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Flower Power and the Flower Children

Posted on December 3, 2017 in Uncategorized

A flower is the reproductive structure of a flowering plant; it facilitates reproduction of the plant by fusing the male and female structures of the plant. Hence it plays an important role in studying the role of plants in a scientific manner, which is referred to as Botany. Their role in pollination and cross-pollination have helped us understand how plants flower, bear fruits and seeds and allow future generations of plant life to grow. Some flowers are edible while are not. It’s fairly common to see brews, concoctions, herbal products and juices being made from flowers that are known to be good for human consumption.

All these facts bring on a scientific temper to the role of a flower.
In addition to their prime place in plant life, flowers have forever been the source of admiration and beauty for humans; they are seen as objects of food, love, medicine, romance, religion, rituals and many more.

In the abstract, flowers are taken as contextual references to convey a feeling, emotion or attribute. Many specific flowers like roses, orchids etc. are connected with many attributes; but in general, a flower can mean a garden, the spring season, the birds and so on. Just as words often have multiple meanings depending upon the context of usage, the word ‘flower’ can be taken as an individual object or used to denote something or be seen as a symbol referring to something.

Hence, the denotative meaning of a flower is just the object but in connotative usage as in a poem or stanza, a flower can mean youth, femininity, gentleness, fragility etc.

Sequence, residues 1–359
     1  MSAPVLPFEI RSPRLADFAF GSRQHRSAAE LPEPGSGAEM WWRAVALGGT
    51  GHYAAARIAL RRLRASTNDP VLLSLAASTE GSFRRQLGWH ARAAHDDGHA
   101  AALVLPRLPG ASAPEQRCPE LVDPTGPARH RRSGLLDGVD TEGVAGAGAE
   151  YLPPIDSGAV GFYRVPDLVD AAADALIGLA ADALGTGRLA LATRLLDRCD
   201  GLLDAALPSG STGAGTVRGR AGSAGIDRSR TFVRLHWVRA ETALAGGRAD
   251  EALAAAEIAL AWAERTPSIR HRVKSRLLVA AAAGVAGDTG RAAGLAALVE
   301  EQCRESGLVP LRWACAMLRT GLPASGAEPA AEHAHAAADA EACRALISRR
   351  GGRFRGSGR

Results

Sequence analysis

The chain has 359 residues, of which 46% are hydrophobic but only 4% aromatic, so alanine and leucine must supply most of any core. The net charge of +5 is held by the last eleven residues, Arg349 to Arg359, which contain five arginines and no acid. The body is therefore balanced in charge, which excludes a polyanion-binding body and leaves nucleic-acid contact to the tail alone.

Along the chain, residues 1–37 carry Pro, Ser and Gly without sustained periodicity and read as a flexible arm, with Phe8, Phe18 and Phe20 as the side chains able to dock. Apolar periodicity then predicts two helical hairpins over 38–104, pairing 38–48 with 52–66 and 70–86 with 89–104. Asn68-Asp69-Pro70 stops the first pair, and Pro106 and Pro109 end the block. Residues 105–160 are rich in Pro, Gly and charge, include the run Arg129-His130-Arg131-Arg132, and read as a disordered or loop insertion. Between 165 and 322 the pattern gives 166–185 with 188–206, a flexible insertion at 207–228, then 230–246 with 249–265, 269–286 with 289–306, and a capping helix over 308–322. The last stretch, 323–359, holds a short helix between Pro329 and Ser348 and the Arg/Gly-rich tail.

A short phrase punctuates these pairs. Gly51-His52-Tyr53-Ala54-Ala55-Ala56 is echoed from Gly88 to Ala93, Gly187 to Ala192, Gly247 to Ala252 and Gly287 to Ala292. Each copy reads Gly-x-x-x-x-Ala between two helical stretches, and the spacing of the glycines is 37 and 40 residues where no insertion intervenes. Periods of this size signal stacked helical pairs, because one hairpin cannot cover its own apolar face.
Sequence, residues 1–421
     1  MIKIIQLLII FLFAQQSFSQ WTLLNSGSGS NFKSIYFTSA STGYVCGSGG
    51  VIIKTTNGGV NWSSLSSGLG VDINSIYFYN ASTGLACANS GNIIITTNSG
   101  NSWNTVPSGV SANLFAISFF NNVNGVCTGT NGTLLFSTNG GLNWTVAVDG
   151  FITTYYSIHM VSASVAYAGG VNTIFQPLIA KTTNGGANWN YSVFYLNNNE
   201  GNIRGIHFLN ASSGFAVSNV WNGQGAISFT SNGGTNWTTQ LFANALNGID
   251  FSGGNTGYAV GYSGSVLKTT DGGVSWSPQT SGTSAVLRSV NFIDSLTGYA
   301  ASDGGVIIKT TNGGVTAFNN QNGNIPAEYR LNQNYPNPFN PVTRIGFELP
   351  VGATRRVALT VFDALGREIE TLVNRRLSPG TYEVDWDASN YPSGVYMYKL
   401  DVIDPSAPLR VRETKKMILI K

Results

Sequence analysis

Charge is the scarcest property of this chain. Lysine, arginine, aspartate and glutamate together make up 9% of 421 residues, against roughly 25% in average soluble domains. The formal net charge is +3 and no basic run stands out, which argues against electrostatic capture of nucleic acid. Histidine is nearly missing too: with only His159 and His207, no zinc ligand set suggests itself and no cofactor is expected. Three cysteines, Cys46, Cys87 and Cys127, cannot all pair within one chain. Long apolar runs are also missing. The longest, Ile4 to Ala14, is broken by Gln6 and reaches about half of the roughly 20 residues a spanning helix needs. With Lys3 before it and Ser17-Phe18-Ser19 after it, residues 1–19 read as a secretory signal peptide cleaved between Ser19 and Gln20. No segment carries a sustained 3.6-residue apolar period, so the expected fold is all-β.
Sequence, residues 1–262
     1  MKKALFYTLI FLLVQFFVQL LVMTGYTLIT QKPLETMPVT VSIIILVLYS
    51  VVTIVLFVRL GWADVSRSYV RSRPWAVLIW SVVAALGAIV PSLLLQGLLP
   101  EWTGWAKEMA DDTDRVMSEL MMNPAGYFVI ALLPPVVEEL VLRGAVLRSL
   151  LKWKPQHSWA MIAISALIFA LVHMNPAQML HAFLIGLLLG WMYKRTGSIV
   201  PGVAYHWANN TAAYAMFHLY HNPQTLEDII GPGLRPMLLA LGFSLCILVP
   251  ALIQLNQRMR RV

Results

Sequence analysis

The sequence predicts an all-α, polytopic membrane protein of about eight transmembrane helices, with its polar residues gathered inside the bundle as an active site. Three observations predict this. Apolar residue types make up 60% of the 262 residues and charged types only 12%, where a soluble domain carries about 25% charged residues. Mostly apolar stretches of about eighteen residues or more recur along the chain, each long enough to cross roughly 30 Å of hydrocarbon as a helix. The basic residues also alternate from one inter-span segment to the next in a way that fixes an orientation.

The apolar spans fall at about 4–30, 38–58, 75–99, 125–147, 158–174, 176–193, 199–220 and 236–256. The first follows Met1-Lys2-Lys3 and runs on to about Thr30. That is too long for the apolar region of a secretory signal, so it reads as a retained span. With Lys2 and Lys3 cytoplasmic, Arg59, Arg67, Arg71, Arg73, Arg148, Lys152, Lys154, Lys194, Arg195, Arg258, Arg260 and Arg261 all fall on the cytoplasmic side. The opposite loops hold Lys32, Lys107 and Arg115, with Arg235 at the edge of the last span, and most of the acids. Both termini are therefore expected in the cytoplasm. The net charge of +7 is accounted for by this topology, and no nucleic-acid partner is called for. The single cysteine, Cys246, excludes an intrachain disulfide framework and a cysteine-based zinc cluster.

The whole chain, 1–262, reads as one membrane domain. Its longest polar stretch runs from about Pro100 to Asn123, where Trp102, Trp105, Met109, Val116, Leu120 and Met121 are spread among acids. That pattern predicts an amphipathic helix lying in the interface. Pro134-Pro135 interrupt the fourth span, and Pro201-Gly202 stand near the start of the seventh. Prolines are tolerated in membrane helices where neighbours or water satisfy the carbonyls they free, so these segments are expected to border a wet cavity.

Flower Power

The term ‘Flower Power’ began as a slogan expressing opposition to the Vietnam War; it gained symbolism by rooting its ideology of non violence and passive resistance as a means to transfer protests and agitations against wars into peaceful movements. The American poet Allen Ginsberg is credited with the coining of this phrase. The poignant photograph of a young man trying to poke daisies into gun barrels held by military policemen at a 1967 march in Washington symbolizes the significance of flower power. ‘Flower Power’ later became a generalized reference to the hippie movement of the 1970s that saw an entire generation dress in clothing with vibrant colors and prints in flower designs and embroidered flowers, wearing their hair long, etc. It also brought in the culture of psychedelic art and music, drugs and social permissiveness.

The connotation of the term ‘flower power’ countered that non violence and love were synonymous with flowers that radiated positivity; the notion ‘make love not war’ soon established itself as a hippie way of life, hippies soon began to be referred as ‘flower children’.

In the best sense, this movement brought left an indelible impression and brought about a radical change in American society. Teens came together to live in communes, led a free life and asserted their views on mainstream society. This power translated into public civil rights’ movements and established the trend of liberation.

On the other hand, the culture of free and uninhibited sex and large scale use of drugs ultimately led to the formation of several drug cartels that became caught up in murky scandals and illegal cash funding etc. But the biggest threat to mankind was to come in the form of the HIV infection that became rampant in the early 1980s as a direct result of the ‘sexual revolution’.

Although the flower children generation slowly died out and flower power became a thing of the past, the effects of the past decades are still being felt in the current millennium.